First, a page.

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Pass on Pop
“If you drink too much pop, your teeth are going to fall out,” is exactly what your mom used to say when you asked if it was OK to have another can of root beer — which may or may not have been you’re fifth of the day. Sure, you were 12-years-old at the time and if it were up to you, your entire diet would have consisted of Domino’s, Doritos and anything that fizzes in your mouth, but it seems that mom always knew best.
Mom’s today have an even greater reason to keep their kids from sucking back pop — not only does it greatly increase your risk of getting cavities, new research is claiming it can have much more of a serious impact on your overall well-being. According to a new study from the
Researchers monitored the pop-consumption habits of some 60,000 people in
In the 1980s, Canadian rocker Kim Mitchell dominated the airwaves, singing, ‘Might as well go for a soda, nobody hurts and nobody cries.” Kim Mitchell was lying to us all along.
You know the girl who always looks a little too tanned, though it’s the middle of February and she hasn’t been down south since hitting Daytona for Spring Break in 2007? It’s not even a tan really, more of an orange coating that’s vaguely similar to the colour of your old Rawlings baseball glove. Well, though she might look healthy and attractive, there’s a good chance she also addicted to the way fake and baking makes her feel, putting herself at serious risk at the same time.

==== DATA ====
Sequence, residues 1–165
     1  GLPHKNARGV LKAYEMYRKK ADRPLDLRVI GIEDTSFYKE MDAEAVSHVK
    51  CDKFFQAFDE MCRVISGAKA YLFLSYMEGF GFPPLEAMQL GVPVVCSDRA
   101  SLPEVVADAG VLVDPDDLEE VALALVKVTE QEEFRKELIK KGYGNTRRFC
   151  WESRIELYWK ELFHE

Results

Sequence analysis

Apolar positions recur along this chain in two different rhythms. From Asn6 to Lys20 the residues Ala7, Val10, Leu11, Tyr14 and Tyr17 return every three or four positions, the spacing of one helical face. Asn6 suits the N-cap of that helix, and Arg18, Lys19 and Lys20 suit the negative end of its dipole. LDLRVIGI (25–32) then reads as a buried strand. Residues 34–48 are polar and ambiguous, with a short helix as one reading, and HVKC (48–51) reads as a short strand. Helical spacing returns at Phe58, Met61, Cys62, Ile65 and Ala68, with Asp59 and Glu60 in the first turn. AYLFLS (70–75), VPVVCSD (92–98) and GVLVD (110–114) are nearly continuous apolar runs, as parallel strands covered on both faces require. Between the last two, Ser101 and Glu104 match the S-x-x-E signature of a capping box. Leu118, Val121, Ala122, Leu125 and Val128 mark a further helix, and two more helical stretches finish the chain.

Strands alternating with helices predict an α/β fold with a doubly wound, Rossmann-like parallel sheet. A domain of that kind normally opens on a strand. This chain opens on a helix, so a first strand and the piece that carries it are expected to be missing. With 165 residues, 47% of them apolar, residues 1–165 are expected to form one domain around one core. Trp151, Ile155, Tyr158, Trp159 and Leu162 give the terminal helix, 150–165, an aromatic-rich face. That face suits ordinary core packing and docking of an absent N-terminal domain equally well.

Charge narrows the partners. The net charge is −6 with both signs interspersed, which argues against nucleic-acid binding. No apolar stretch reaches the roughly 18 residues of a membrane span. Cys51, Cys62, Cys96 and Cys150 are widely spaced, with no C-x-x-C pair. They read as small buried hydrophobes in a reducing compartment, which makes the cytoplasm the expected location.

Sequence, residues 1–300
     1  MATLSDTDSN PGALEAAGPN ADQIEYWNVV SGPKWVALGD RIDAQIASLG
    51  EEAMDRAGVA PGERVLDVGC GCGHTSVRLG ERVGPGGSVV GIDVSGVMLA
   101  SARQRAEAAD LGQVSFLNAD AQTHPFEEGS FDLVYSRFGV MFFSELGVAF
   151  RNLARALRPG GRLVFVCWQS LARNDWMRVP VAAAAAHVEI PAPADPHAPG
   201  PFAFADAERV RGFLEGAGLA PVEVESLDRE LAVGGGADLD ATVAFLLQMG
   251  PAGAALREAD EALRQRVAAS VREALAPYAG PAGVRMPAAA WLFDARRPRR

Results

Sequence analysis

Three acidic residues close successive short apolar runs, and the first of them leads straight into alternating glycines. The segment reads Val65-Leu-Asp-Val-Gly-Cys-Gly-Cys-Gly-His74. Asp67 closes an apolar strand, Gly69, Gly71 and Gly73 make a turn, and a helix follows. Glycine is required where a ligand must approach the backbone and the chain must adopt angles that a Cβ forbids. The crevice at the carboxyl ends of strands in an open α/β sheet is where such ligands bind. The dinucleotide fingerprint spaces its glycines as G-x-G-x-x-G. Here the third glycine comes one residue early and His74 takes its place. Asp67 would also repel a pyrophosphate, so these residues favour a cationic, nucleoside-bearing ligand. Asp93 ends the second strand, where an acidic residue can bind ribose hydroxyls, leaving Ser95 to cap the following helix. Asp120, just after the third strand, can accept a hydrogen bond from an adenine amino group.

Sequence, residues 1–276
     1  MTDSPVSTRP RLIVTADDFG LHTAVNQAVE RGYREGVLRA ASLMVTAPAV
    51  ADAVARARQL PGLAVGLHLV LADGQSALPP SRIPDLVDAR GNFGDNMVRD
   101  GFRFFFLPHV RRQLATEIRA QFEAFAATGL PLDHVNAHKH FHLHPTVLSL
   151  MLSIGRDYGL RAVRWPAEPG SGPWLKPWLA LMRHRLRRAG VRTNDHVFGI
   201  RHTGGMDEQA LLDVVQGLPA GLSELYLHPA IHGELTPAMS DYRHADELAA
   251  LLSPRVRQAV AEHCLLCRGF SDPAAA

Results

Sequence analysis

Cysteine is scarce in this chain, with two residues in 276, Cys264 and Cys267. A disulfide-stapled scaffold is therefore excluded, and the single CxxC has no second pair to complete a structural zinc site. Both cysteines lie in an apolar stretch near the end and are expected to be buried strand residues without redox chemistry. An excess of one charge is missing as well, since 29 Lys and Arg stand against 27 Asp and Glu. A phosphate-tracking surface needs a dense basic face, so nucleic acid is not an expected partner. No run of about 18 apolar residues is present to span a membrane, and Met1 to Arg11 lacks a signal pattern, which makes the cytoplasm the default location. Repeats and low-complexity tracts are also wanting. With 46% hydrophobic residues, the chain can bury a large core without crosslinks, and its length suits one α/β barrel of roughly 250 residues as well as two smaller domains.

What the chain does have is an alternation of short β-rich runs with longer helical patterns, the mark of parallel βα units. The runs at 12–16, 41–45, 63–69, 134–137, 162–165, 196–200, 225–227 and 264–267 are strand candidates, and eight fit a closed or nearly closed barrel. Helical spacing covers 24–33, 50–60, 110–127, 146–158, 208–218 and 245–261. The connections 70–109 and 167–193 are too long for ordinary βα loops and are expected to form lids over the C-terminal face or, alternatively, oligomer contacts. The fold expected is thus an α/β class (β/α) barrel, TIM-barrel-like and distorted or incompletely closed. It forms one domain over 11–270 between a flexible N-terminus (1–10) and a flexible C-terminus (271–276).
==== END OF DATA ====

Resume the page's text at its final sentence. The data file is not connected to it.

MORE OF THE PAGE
That warm, relaxed feeling you experience while in a tanning bed — not to mention the extra pep in your step you enjoy once you get out — may be addictive. Some experts even crudely refer it to “tanorexia,” but it’s no joking matter. Tanning-bed use, especially by those under 30, has been linked to skin cancer.
A study initially conducted by Wake Forest University in 2006 revealed some damning evidence against tanning beds, but it has not helped curtail the tanning business one bit. Unfortunately, that’s not surprising when you consider researchers say the process of tanning is almost like getting high. When the sensation of UV rays hitting your skin coincides with the dream-like state a 15-minute tanning session can induce, it sends a rush of endorphins surging through your brain.
The Canadian Dermatology Association is currently lobbying the government and reaching out to the public with a multi-platform campaign to prohibit tanning-bed usage by anyone under the age of 18. If you’re still hell bent on being tanned, maybe it’s a good idea to step away from the tanning bed and go the spray-tan route instead.
The next time a European friend or relative makes a crack about overweight, lazy North Americans, don’t just shrug your shoulders and meekly agree, tell the smug bastards that rest of the world is matching our prodigious laziness, especially when it comes to watching TV or surfing the Internet.
The World Health Organization’s Regina Guthold says most children around the globe aren’t getting enough exercise, regardless of the economic might of the country in which they live. “With regards to physical activity levels, we did not find much of a difference between kids in poor and rich countries,” Guthold told Reuters.
In a study of more than 70,000 kids aged 13 to 15 from 34 different nations, statistics showed that just 25 percent of boys and only 15 percent of girls were getting a sufficient amount of physical exercise. Moreover, nearly one third of the world’s children spend at least three hours a day watching TV or using the Internet. And if the kids even know about Twitter in
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